|Use software developed or specifically associated by the organization||✔ apply||✔ apply||x don't apply|
|Access work-related applications using the corporate network infrastructure||✔ apply||✔ apply||✔ apply|
|Establish an employee exit plan (i.e. devices and data are managed when an employee leaves)||✔ apply||✔ apply||x don't apply|
Unified endpoint management (UEM)
Your organization can use UEM to maintain the security of mobile devices. If you support BYOD, you can use UEM, but your ability to manage the devices is minimal because the devices are owned by the employees. In a COPE or COBO model, you can use UEM because you maintain full control of monitoring and securing the devices.
UEM is a strategy to distribute, manage, and control endpoint devices (e.g. desktop and mobile) in the workplace. UEM combines features from mobile device management and enterprise mobility management processes to address security concerns related to managing corporate data while increasing connectivity and productivity. UEM includes features that help keep company information and employee data secure:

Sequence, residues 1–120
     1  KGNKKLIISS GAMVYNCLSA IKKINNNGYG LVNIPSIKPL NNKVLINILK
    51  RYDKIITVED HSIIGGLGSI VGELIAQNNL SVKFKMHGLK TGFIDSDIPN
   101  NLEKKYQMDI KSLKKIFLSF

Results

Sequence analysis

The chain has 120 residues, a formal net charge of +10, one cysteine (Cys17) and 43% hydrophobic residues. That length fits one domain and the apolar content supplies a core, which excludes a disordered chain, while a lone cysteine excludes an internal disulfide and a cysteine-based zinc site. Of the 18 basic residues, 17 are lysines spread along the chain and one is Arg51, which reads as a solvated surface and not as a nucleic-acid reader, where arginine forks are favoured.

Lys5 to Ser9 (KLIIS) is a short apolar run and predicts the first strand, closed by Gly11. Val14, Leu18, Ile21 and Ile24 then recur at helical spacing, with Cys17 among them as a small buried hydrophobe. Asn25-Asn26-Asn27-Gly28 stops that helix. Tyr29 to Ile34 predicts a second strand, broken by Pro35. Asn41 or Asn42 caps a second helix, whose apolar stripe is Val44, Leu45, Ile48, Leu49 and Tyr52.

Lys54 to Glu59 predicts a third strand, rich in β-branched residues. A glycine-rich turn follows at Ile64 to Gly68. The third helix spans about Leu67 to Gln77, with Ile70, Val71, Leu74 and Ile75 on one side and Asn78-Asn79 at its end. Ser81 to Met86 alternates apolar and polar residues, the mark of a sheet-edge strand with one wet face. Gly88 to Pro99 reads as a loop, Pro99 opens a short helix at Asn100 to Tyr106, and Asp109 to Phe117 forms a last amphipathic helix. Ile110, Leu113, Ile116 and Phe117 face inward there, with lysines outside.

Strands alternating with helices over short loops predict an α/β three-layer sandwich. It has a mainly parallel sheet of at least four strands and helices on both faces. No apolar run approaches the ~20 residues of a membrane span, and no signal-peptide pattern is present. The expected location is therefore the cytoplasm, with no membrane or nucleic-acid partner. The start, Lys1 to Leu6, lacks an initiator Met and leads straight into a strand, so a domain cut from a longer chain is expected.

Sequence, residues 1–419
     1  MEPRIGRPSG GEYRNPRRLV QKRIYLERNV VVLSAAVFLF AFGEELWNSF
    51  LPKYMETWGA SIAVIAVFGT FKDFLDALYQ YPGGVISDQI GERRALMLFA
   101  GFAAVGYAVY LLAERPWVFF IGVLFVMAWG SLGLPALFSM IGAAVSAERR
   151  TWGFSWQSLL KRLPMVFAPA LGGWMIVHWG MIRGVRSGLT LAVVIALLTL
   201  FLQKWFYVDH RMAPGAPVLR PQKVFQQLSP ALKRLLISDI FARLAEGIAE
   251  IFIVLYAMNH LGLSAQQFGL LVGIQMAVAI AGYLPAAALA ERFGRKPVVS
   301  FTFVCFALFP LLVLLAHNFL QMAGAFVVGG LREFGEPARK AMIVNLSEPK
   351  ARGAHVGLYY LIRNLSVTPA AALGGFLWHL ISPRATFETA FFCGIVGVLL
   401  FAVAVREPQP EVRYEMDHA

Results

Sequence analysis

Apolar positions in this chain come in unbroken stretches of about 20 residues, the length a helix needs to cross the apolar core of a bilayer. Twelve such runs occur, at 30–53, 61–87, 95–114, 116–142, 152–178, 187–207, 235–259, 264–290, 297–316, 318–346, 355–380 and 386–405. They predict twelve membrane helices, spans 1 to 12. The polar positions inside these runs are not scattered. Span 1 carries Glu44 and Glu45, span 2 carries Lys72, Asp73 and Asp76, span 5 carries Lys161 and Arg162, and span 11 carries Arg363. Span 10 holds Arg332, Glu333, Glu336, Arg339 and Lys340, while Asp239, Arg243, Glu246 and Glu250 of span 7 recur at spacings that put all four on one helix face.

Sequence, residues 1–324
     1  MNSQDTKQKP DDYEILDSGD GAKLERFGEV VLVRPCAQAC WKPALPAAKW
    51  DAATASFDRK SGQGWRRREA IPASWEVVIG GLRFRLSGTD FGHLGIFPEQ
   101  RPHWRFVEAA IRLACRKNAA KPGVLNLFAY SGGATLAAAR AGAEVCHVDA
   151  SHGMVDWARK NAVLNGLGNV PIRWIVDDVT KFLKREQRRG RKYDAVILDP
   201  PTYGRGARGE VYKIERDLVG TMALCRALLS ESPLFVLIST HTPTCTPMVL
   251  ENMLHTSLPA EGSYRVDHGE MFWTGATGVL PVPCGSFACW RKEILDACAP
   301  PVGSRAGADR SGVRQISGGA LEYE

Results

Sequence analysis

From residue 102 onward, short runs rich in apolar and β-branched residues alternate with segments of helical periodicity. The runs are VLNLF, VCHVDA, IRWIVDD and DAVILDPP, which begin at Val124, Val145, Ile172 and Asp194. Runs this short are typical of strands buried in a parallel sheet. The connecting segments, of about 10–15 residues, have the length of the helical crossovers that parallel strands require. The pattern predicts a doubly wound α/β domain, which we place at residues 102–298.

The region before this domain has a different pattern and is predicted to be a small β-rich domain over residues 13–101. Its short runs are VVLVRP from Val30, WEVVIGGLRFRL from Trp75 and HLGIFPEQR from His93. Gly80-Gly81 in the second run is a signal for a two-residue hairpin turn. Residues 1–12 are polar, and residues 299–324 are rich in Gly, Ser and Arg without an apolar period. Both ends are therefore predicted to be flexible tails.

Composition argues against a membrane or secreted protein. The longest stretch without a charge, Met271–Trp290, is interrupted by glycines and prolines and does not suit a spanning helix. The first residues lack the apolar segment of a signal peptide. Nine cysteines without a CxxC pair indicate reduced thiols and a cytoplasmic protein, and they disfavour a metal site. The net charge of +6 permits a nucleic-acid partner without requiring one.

- Monitoring devices consistently (e.g. in-office or remotely)
- Separating application platforms (e.g. sandboxing)
- Enforcing strong authentication credentials (e.g. using different keys between personal devices and desktops)
- Incorporating email and messaging services
- Configuring devices for set-up and enrollment
- Encrypting data at rest and in transit
- Performing remote tracking, locking, and wiping
- Detecting jailbroken or rooted devices
- Updating security patches and anti-malware software automatically
- Whitelisting and blacklisting applications
Considerations for your organization
Your organization should choose the deployment model that best suits business needs through considering the following:
- Level of control needed depending on the sensitivity of the data being handled.
- Budget available for specific deployment models (e.g. hardware supply, IT support).
- Best balance between business and personal life.
It is important that your organization trains employees on best privacy and security practices to ensure safe use with the deployment model your organization uses.